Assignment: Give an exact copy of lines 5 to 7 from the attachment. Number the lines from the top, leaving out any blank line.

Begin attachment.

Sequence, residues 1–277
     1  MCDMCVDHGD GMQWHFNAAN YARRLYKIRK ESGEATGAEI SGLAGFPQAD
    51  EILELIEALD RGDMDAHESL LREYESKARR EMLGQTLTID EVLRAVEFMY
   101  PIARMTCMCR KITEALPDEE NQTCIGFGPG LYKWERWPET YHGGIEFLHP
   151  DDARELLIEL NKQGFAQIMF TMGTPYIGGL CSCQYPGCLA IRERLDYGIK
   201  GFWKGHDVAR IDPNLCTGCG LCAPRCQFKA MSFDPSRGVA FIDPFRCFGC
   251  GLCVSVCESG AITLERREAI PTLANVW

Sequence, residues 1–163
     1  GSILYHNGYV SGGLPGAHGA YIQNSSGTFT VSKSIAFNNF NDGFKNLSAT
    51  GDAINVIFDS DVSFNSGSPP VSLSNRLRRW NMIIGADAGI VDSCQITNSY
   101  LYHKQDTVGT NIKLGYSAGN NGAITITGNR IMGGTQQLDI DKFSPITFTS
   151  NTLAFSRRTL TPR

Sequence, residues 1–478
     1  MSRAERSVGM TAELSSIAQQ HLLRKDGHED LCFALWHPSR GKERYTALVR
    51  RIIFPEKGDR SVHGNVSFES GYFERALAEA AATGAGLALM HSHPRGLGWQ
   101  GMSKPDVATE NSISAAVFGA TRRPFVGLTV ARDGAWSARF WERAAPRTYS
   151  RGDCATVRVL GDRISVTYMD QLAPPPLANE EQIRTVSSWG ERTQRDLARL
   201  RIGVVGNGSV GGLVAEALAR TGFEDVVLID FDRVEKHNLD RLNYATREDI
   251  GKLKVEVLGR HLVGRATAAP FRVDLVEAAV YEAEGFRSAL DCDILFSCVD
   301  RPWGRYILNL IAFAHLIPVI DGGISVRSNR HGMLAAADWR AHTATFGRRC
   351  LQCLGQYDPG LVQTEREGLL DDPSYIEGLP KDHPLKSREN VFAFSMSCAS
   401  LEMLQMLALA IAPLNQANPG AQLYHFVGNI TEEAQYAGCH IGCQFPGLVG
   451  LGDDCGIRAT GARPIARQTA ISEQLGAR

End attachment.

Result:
   151  DDARELLIEL NKQGFAQIMF TMGTPYIGGL CSCQYPGCLA IRERLDYGIK
   201  GFWKGHDVAR IDPNLCTGCG LCAPRCQFKA MSFDPSRGVA FIDPFRCFGC
   251  GLCVSVCESG AITLERREAI PTLANVW